Squash players are sceptical that they’ll still be able to use the only courts in the borough if plans to hand St Crispin’s Leisure Centre to an academy trust go ahead.

Wokingham Borough Council could hand the centre to St Crispin’s school so that it can take on more pupils. Plans say that Circle Trust – which runs the school – would still allow the public to use the squash courts and other facilities out of school hours.

But some squash players have said they’ve been told almost nothing about how the plans would work – including when they’d be allowed to play or how the courts would be managed.

One squash player, Nick Dyer, told the News: “There’s no understanding about the logistics of their proposal of running a sports facility and how the school will do it. There’s no details on the bones about how they will do that.”

READ MORE: St Crispin’s Leisure Centre could be given to school in Wokingham

The council says the number of people using the leisure centre has fallen since the pandemic, while the number of pupils who need to attend St Crispin’s is set to rise. It says if the school doesn’t expand, the borough could face a shortage of places for pupils in the near future.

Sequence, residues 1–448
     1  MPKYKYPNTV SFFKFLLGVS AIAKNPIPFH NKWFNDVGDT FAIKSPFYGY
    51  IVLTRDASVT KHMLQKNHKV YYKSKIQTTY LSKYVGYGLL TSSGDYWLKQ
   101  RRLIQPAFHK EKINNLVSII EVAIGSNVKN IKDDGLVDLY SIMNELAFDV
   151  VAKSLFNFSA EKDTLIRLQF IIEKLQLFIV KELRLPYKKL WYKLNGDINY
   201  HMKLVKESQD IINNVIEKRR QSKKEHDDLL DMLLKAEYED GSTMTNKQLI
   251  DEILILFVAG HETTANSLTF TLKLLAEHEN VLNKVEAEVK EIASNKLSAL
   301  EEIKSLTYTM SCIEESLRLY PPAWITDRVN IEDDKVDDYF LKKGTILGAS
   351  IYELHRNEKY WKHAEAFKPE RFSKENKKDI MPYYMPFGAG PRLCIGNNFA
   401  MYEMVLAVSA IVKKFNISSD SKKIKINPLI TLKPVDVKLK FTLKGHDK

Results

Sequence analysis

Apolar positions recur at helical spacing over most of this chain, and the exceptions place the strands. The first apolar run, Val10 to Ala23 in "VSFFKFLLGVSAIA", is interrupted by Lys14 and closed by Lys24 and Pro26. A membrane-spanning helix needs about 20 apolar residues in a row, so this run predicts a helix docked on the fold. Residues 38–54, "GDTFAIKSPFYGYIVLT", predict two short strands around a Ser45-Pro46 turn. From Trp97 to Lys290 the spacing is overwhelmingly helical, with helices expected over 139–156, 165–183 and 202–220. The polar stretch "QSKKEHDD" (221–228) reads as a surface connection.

But the plans were challenged by councillors at a scrutiny meeting on Tuesday, November 14.

Councillor Prue Bray – responsible for schools – said the handover is necessary to make sure St Crispin’s School could take on extra pupils. But she said Circle Trust was committed to keeping services open to residents.

She said: “There is the ability to provide at least some of what is currently offered in the centre while also enabling us to get these secondary school places we really need. It’s not a complete loss. It’s actually a balancing act.”

But councillor Marie-Louise Weighill said that the plans were a “service cut” that would affect many more centre users who might not want to move to Carnival Hub in Wokingham town centre.

She said: “It’s not simply squash players, it is also older vulnerable and not so vulnerable users of the SHINE exercise classes for example. They will not go to the Carnival Pool. I’ve talked to them – they will not go.”

Councillor Pauline Jorgensen wanted to know why the centre should be handed over to The Circle Trust rather than kept in council hands and leased out.

And she demanded a more detailed report on how Circle Trust will keep the centre open to residents. Councillors in the scrutiny meeting voted to support her by five to four.

It means officers will have to provide them with more details at a meeting on November 28. The leading group of councillors – the executive committee – is then set to make a final decision on November 30.